A menacing 18th century marble bust, based on a famous depiction of a marauding 3rd century Roman emperor held at the Museo Archaeologico in Naples, will become a commanding presence in Chester after the Grosvenor Museum agreed a deal to host it on a long-term loan.
Caracalla, who was intent on invading Scotland when he visited Britain with his brother and father in 208, is famous for the edict named after him four years later, which gave all free men in the Roman Empire full citizenship and all free women the same rights as Roman women.
He also has the distinction of creating the Baths of Caracalla – the largest public baths ever built in ancient Rome.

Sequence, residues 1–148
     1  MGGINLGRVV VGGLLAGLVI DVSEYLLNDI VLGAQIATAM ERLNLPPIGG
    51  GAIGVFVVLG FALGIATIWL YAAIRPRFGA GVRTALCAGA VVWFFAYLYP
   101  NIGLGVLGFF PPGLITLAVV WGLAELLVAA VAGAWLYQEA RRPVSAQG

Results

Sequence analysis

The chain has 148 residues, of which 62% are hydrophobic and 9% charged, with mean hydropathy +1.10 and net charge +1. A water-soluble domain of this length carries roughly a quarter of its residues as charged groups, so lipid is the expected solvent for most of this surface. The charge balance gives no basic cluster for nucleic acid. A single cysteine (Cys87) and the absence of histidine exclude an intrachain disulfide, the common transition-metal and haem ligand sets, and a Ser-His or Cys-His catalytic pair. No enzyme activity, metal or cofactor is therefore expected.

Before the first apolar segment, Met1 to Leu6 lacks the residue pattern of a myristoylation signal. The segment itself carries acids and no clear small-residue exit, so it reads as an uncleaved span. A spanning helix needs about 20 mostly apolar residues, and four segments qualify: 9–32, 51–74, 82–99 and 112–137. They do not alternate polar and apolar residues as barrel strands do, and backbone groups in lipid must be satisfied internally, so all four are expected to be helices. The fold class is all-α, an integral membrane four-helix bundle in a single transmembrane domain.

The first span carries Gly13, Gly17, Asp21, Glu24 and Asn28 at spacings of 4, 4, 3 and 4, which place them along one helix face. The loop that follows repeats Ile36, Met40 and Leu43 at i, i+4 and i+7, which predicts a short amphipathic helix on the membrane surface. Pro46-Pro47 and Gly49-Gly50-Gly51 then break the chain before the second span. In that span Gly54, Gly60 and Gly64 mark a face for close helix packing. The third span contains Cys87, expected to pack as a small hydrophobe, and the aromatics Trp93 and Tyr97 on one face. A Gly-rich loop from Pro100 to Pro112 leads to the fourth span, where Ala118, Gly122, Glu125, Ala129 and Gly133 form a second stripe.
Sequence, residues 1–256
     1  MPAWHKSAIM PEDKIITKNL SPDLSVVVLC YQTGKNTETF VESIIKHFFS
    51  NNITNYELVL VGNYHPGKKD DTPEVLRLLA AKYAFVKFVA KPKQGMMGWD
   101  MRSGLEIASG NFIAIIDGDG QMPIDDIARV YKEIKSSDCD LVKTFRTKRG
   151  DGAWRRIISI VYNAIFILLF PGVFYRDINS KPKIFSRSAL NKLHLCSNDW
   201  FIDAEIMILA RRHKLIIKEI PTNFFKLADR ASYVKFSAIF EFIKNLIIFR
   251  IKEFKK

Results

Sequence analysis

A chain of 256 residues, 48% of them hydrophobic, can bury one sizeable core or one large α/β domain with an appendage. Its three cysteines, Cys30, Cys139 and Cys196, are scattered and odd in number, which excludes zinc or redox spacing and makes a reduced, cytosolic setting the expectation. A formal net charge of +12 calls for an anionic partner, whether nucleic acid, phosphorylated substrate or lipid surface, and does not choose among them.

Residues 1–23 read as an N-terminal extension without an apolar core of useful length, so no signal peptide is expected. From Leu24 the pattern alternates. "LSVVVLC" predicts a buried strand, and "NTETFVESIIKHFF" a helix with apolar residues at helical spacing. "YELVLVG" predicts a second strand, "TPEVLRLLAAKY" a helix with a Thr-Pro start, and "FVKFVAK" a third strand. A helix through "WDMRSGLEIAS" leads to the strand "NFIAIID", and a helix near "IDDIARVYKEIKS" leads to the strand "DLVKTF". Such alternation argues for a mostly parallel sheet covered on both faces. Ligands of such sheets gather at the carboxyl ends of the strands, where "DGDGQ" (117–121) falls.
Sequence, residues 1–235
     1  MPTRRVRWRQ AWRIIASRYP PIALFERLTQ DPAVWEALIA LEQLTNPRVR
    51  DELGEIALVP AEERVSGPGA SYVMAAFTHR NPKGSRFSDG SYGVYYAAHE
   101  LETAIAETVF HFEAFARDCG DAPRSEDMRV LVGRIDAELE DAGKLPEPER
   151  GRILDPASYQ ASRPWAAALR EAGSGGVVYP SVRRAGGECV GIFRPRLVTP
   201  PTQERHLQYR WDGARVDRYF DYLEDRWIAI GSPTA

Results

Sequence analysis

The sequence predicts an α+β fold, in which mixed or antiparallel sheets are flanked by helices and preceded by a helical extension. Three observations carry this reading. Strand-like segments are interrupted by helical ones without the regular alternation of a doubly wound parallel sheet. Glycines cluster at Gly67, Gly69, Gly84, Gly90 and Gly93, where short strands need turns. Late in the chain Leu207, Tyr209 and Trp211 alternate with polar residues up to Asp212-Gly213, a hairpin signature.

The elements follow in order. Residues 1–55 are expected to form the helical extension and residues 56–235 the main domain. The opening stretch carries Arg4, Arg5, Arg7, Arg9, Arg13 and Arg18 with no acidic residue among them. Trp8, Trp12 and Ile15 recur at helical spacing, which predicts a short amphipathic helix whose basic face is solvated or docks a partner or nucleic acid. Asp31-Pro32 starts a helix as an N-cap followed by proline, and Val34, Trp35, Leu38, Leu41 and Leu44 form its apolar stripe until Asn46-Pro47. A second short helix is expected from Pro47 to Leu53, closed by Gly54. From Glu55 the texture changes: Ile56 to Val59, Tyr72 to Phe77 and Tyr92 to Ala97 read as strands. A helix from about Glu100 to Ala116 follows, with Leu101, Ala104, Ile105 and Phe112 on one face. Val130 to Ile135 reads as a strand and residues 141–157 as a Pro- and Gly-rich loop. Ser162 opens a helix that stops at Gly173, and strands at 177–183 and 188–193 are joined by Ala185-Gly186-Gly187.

The portrait is markedly different from the usual aloof images of his predecessors, showing the close-cropped hair normally associated with soldiers and a pugnacious scowl. Subsequent emperors repeatedly chose to emulate the rugged pose.
It is thought to have been made by a studio assistant of Francis Harwood. The British sculpture worked in Florence for 30 years from 1753, and was a seriel producer of busts carrying off Greek and Roman figures.
Clive Pointon, the Chairman of collaborators the Tyler Charitable Trust, said Caracalla’s return to a city he would almost certainly have visited showed Chester’s “tremendous importance” in the history of Roman Britain, calling it a “magnificent contribution” to the gallery’s collection.